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Monday, April 11, 2022

Hideout 2021 * * Stars


Hideout as a sort of goth thriller turned splatter fest, is my latest review. Its cast consists of mostly unknowns who could've easily been plucked by the CW Network (or the now defunct WB). Only supporting player Audrey Kovar has veritable acting chops here. Everyone else is acting badly or well, overacting. I mean I never thought I'd see the second coming of Jack Torrance's rude stepchild (Kyle Torrance, ha). 

Anyway, Hideout is the debut feature of one Kris Roselli (he's done mostly shorts). Roselli loves his close-ups, his weird camera angles, and his yearn for the OTT. Watching Hideout, I realized I'd seen the same swipe about three months ago. Oh yeah that was 2021's A House on the Bayou (sigh).

With Hideout, Kris Roselli borrows from the best (or some of the best). A little Jordan Peele here, a little Sam Raimi there, and some of The Shining just for kicks. Roselli is obviously a fan but gee, couldn't he have had a voice of his own?

Hideout does have a few creepy moments however. It just takes a while (at 114 minutes) to get to where it's actually going. The characters (and they are quite the characters) are wishy-washy, high-strung, and well, miserably unlikable. You want them to GET OUT of the house like Father Delaney but they don't seem to want to do so. I guess that'd have to be the case otherwise there'd be no movie to stand on.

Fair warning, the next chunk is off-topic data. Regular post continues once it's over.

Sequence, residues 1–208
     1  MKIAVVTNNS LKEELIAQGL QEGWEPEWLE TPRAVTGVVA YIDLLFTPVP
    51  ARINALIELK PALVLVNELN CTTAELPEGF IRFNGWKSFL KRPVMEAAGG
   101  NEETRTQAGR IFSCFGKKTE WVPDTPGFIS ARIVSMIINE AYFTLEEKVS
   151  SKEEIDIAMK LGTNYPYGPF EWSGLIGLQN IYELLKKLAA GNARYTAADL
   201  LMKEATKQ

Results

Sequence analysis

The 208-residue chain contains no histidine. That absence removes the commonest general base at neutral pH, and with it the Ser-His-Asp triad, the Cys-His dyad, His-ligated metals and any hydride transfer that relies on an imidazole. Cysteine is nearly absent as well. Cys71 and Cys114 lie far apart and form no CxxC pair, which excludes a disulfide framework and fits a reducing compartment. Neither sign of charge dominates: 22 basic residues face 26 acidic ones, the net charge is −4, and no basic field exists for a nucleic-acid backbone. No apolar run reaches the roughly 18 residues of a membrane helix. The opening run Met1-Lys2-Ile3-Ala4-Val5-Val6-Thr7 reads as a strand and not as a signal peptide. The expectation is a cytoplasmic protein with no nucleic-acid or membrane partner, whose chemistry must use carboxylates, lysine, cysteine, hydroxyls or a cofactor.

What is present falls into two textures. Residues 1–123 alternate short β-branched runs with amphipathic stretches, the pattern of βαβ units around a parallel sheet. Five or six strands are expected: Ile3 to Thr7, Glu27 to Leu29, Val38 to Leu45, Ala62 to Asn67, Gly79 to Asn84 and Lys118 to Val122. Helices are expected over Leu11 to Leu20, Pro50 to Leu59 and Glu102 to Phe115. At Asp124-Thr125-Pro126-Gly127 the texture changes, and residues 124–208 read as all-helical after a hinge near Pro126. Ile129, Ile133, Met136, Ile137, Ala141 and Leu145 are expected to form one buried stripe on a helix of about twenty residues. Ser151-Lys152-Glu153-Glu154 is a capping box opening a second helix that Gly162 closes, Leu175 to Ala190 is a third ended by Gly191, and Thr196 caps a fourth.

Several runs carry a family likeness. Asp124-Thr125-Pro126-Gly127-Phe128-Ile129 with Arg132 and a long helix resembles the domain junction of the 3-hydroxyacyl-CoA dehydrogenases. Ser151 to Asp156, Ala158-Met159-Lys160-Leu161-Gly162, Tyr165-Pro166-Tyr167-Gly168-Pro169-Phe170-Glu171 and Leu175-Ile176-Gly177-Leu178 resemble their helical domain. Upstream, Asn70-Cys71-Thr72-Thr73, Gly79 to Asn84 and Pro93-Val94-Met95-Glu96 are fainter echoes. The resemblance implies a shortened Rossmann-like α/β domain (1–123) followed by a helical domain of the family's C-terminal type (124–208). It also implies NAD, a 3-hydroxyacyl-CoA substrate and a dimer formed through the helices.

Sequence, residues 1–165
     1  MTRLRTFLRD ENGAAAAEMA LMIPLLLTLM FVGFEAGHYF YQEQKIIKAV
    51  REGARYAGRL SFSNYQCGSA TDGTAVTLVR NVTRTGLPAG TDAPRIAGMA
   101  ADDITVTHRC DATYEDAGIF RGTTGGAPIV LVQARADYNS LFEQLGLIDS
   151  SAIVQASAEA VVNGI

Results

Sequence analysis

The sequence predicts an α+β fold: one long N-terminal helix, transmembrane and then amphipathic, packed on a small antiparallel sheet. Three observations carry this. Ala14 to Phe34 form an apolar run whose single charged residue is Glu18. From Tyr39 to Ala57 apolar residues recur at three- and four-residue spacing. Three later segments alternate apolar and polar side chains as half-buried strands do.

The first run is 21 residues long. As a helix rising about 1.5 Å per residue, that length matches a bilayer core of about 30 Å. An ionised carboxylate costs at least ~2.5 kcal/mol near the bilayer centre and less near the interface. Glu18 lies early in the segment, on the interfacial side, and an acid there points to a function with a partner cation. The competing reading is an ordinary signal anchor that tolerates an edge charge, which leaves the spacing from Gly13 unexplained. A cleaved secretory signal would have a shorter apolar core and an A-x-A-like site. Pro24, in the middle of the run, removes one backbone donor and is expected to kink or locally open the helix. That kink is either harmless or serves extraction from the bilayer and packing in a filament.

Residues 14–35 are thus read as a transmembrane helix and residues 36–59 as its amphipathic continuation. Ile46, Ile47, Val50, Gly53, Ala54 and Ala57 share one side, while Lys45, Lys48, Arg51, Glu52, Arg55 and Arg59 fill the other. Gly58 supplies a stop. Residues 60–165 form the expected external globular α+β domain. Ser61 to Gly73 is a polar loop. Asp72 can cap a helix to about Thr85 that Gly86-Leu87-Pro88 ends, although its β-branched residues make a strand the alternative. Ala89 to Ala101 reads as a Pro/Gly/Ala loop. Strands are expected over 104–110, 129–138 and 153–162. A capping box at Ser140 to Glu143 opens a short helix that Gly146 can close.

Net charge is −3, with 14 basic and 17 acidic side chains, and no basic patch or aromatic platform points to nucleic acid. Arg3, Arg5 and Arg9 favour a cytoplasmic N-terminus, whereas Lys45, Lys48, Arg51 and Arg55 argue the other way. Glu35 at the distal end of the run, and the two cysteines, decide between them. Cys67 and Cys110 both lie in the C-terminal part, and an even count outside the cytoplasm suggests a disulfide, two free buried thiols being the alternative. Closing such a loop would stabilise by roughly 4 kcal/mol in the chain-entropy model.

With a musical score that's equal parts foreboding/scattershot and special, gruesome effects that are um, "special" (that's not a compliment), Hideout is about four criminals who end up "hiding out" at a house inhabited by I guess, satanic cultists with black eyes (uh-oh, more voodoo that you do). It's low budget, it's B-movie, it's camp. Hideout sadly "dries out". 

Written by Jesse Burleson

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